Arkansas Senate approves hate crime bill advocates decry as “sham”

The Arkansas Senate on Wednesday approved a stripped-down hate crimes bill derided by longtime supporters of such legislation who claim the measure is too vague and would provide “insufficient” medicine for a state that’s one of only three nationwide without such a law.

The Senate voted 22-7 in favor of the alternate measure, which its supporters have called a “class protection” bill. The bill, which now heads to the House, requires offenders to serve at least 80% of their sentence if they committed a serious violent felony against someone because of their “mental, physical, biological, cultural, political, or religious beliefs or characteristics.”

Unlike an earlier bill that was rejected by a committee, the new measure doesn’t use the term hate crimes or refer to specific classes such as race, sexual orientation or gender identity.

“Whatever group you want to think of in your mind, right now, this will allow the prosecutor to look at that, have that tool in their toolbox to be able to bring this charge and be able to keep those perpetrators locked up for a minimum of 80% of their sentence,” Republican Senate President Jimmy Hickey, the bill’s sponsor, said before the vote.

Arkansas is one of three states without a hate crimes law, along with Wyoming and South Carolina. Republican Gov. Asa Hutchinson has made passing such a measure a priority of his this year. Arkansas’ bill advanced the same day South Carolina’s House approved a hate crimes measure.

But Arkansas’ measure has been heavily criticized by longtime supporters of hate crimes laws, including the Anti-Defamation League, for not outlining specific categories and for not covering lower-level crimes. The group has said it won’t consider Arkansas as having a hate crimes law if the measure is enacted. The group has called it a “sham” legislation under which “virtually any violent crime based on a person’s association or belief would be covered, including crimes targeting white supremacists or neo-Nazis.”

The bill fails to protect vulnerable communities who feel  terrorized when hate crimes occur, Aaron Ahlquist, ADL’s South Central Regional Director, told CBS News.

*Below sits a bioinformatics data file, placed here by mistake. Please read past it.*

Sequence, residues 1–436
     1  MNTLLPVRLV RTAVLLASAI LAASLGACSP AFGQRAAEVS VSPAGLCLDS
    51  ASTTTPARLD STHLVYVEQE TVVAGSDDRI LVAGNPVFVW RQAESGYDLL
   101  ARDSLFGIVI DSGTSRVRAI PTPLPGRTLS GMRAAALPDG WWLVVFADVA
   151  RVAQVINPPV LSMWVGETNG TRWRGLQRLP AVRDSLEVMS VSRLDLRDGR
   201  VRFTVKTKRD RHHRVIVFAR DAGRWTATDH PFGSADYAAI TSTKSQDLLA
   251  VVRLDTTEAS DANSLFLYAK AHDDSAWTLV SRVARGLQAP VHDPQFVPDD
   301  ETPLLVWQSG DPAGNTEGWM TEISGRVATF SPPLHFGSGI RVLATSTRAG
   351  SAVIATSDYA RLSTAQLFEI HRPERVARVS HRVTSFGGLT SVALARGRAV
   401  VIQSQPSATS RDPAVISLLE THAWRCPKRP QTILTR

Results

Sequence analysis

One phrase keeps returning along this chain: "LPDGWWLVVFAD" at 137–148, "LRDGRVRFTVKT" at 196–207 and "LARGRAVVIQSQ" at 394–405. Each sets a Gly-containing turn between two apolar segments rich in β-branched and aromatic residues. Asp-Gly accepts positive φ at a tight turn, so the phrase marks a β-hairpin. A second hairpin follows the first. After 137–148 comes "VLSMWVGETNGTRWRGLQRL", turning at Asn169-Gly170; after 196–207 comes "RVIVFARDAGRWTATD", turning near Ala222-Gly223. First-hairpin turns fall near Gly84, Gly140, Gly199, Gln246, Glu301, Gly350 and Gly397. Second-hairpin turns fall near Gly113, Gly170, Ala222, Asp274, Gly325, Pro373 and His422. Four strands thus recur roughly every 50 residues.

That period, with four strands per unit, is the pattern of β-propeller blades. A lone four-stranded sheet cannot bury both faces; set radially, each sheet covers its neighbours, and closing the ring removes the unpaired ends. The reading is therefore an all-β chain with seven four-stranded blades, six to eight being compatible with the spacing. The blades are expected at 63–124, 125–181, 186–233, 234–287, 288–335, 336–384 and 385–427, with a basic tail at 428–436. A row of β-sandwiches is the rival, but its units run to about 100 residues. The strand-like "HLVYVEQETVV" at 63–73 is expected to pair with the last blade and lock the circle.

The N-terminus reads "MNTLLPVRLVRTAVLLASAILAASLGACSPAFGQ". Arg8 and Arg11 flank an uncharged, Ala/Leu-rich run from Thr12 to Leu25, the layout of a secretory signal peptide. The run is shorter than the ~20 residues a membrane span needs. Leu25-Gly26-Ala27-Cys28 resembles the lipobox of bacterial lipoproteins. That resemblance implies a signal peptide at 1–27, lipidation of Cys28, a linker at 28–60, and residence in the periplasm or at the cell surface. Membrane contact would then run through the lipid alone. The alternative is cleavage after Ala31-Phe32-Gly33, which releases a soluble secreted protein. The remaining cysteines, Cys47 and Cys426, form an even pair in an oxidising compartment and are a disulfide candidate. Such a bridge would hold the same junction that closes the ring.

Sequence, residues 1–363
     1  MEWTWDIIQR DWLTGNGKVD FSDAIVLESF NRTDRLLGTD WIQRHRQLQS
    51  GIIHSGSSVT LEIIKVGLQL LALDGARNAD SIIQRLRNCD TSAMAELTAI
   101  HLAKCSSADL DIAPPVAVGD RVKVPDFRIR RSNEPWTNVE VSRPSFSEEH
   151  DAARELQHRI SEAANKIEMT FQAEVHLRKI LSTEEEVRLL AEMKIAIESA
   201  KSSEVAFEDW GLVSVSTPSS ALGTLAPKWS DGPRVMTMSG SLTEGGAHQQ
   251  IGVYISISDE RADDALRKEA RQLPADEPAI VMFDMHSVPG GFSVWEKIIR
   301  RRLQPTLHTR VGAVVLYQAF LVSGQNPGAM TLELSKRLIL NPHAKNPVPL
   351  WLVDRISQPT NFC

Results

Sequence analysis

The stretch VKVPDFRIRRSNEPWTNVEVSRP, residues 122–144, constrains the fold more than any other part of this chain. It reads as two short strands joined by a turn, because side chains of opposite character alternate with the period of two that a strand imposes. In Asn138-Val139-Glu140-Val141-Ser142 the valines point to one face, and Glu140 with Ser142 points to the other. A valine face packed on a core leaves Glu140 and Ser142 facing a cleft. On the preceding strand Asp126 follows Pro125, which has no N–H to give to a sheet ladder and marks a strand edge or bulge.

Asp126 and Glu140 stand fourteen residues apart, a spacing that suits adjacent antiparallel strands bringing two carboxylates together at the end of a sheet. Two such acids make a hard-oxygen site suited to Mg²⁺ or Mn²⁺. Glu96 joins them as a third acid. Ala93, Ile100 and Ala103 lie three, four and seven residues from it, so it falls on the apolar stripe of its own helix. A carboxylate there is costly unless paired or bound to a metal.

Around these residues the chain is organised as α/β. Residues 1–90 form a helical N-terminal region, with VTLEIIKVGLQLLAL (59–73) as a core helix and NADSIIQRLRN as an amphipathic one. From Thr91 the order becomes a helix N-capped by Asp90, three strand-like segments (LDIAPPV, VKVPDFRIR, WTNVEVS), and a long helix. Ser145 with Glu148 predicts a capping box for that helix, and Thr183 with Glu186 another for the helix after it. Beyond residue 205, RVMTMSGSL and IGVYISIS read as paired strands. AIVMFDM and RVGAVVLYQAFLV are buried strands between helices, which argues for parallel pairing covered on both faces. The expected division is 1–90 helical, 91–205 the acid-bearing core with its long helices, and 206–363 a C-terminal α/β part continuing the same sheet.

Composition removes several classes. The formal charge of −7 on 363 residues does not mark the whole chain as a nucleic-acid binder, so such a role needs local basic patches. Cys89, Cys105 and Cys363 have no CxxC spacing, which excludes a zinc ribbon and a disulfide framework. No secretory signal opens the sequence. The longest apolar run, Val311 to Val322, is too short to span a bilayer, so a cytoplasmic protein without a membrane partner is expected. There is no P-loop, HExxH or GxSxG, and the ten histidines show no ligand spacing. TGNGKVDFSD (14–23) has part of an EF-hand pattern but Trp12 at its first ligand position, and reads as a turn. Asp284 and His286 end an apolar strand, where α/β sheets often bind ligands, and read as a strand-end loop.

“The unwillingness to even acknowledge the concerns of impacted communities is really in a nutshell where this bill fails,”  Ahlquist said. “It’s not a hate crime bill, first and foremost.”

The bill passed hours after the Senate Judiciary Committee rejected the earlier version of hate crimes legislation that outlined the specific groups covered.

All seven Senate Democrats, including the chamber’s only three Black members, voted against the alternate measure. Five Republicans voted “present” on the bill.

One opponent called the measure merely a “placebo” that doesn’t recognize communities that have been targeted by hate crimes.

“I know you’re going to vote for it because it makes you feel good,” Democratic Sen. Linda Chesterfield, who is Black, said before the vote. “But it’s the dose of medicine that as far as I am concerned is insufficient.”

The bill has advanced during a session that’s been marked by a succession of bills targeting transgender people. A day earlier, lawmakers overrode Hutchinson’s veto and enacted a law that makes the state the first to ban gender confirming treatments and surgery for transgender youth.

“While they’re actively passing discriminatory bills that target and marginalize already vulnerable communities, they’re unwilling to even name those communities in their discussion around who deserves to be protected,” Ahlquist said. “That is an awful message to send to the world.”

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